Off the Shelf: The Blackwater Lightship by Colm Toibin - News and Events - iIrish

Off the Shelf: The Blackwater Lightship by Colm Toibin

 

Off the Shelf: The Blackwater Lightship
By Colm Toibin
ISBN 13: 978-0-684-87389-3 1999 273 pp.
Review by Terrence Kenneally

This month’s book review features a book from our not-so-distant-past. The Blackwater Lightship, by Colm Toibin. The 1999 Booker Prize nominated novel, a Hallmark Hall of Fame movie in 2004, and now a stage adaptation production currently playing at the Gaiety Theatre in Dublin, Ireland.

The story is set in Dublin and County Wexford and described from the viewpoint of Helen, a successful school principal living with her husband and two children in Ireland. She learns one day her brother, Declan, who is a homosexual, has been ill with AIDS for years and has refused to tell her until then.

He asks her to deliver their mother, Lilly, and grandmother, Dora, the news. This presents a challenge to Helen, as she has had minimal contact with the two women due to deeply buried conflicts relating to Helen’s past and her father’s sudden death when she was a child.

As the three women meet again, they are forced to overcome these struggles for Declan’s sake. The novel follows the painful journey they must take to correct misunderstandings that exist between them. Two friends of Declan, Paul and Larry, join him and the women in a crumbling, old house by the sea in Wexford near an old lighthouse- the Tuskar Lighthouse from which the story gets its name.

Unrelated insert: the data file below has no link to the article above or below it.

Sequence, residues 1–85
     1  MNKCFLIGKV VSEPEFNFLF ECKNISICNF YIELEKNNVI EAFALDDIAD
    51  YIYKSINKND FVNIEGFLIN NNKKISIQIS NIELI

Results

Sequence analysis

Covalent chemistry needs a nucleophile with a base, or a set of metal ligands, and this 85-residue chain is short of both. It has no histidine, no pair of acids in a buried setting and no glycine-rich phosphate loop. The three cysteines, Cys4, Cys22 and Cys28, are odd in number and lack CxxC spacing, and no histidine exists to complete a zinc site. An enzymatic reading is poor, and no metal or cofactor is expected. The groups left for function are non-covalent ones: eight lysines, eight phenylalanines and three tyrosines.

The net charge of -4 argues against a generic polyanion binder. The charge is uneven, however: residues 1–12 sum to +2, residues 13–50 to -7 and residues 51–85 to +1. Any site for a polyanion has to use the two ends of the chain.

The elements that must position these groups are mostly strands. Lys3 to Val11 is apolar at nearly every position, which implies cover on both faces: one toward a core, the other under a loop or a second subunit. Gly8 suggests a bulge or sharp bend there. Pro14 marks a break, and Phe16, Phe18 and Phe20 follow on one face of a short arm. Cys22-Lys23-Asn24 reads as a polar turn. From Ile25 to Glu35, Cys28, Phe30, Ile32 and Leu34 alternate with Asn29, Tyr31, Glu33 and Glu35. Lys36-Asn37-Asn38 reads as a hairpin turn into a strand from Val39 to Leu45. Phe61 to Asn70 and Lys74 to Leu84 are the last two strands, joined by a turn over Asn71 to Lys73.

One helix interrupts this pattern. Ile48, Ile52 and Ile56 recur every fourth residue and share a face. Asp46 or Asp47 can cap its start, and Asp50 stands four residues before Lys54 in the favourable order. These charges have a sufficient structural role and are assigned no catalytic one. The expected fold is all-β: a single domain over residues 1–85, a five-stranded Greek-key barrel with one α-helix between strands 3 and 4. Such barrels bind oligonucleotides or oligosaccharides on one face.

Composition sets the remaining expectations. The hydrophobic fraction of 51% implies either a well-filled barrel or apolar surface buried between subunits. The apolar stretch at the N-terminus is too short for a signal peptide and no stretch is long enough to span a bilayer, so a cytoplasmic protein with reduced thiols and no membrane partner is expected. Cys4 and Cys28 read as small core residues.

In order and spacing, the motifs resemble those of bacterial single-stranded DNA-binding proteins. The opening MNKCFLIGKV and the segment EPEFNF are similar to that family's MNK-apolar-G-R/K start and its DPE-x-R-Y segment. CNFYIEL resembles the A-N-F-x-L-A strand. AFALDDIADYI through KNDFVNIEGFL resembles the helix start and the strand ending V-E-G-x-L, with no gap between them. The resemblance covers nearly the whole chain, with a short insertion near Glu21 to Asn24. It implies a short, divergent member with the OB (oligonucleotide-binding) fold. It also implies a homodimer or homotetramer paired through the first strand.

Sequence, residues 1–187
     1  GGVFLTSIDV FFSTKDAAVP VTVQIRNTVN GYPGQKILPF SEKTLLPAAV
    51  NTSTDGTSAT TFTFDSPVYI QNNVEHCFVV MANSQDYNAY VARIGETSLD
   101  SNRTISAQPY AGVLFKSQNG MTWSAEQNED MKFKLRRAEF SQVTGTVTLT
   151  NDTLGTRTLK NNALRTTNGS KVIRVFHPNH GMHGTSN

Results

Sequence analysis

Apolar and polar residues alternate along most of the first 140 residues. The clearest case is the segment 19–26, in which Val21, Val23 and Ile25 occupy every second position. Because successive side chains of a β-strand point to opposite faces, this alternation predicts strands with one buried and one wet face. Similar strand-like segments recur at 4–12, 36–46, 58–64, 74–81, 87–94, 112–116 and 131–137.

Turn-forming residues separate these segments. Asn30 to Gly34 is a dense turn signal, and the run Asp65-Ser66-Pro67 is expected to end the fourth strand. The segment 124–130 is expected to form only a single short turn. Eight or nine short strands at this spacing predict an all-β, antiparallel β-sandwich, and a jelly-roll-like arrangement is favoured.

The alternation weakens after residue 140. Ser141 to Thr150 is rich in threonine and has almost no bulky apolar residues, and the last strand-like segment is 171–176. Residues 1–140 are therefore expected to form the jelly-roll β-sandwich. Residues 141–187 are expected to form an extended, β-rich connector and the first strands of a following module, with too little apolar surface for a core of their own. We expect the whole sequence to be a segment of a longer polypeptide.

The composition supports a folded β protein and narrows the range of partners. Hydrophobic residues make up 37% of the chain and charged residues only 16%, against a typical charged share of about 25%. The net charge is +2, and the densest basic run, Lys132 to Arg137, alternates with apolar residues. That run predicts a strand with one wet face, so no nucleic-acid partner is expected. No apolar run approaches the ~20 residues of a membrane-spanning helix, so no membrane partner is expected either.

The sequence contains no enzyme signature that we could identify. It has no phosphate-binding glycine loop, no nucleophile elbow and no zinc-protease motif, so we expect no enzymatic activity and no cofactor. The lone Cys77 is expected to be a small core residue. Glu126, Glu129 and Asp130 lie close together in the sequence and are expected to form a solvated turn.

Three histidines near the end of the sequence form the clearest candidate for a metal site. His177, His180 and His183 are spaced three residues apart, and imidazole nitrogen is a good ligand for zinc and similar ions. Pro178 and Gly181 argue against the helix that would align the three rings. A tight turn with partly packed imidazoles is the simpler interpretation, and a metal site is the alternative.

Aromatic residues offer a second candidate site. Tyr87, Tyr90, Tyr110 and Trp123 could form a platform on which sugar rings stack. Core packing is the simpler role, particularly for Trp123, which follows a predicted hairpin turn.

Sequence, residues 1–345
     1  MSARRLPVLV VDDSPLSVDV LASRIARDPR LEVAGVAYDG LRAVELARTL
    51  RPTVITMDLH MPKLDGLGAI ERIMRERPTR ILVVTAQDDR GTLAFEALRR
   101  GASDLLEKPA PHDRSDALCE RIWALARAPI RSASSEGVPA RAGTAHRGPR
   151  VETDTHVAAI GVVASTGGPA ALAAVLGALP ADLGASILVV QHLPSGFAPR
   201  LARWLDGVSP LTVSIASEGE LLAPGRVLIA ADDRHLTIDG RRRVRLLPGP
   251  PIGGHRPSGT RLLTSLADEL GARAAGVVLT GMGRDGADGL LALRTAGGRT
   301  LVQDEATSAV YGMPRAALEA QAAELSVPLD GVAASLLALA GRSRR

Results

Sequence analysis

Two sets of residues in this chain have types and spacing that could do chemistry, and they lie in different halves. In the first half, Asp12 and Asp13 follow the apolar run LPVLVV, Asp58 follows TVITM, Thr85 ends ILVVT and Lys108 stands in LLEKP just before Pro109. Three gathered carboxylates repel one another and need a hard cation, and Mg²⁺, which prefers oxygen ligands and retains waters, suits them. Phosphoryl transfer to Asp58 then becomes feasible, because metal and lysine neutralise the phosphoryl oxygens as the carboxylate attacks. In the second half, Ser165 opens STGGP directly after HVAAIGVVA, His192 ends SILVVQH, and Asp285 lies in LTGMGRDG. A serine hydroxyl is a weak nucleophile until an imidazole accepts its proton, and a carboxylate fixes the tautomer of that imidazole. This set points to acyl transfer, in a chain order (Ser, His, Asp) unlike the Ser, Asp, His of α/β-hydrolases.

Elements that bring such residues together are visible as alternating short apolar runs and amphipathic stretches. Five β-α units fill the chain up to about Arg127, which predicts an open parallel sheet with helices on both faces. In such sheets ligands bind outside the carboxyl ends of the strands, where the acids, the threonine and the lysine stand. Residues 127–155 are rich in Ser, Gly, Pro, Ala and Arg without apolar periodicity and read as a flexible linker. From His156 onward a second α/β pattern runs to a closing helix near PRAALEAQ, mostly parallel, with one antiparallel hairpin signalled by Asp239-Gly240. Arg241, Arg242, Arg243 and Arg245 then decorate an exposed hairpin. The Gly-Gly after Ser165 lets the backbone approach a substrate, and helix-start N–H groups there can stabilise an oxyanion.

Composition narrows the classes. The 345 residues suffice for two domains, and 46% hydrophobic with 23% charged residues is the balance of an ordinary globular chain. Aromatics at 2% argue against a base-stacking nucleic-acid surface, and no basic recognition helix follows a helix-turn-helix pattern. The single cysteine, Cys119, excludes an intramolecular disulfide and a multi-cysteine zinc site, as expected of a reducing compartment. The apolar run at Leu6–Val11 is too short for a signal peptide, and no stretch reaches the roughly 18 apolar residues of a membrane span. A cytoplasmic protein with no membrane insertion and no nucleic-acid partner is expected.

The six of them from different generations and with different beliefs must listen and come to terms with one another. It is a clash of country versus city, conservative versus liberal, and old ways versus new.

Coping with Declan’s impending death and previously unacknowledged sexuality that’s buried in the past is a trigger for exposing a gaping wound from their childhood. There are recriminations, resentment, jealousy, and bitterness notwithstanding the black cloud over their heads in the sense that Declan is dying of the disease. Toibin shows how death can shed light on the morals of individuals as well as entire families.

If any of the readers are planning a trip to Dublin in the near future, I recommend The Blackwater Lighthouse as an emotionally engaging play.

*Terrence Kenneally is an attorney and owner of Terrence J. Kenneally & Associates in Rocky River, Ohio. He received his Masters in Irish Studies from John Carroll University and has taught Irish history and literature. Reach him at Terry@tjkenneally.com.

 

 

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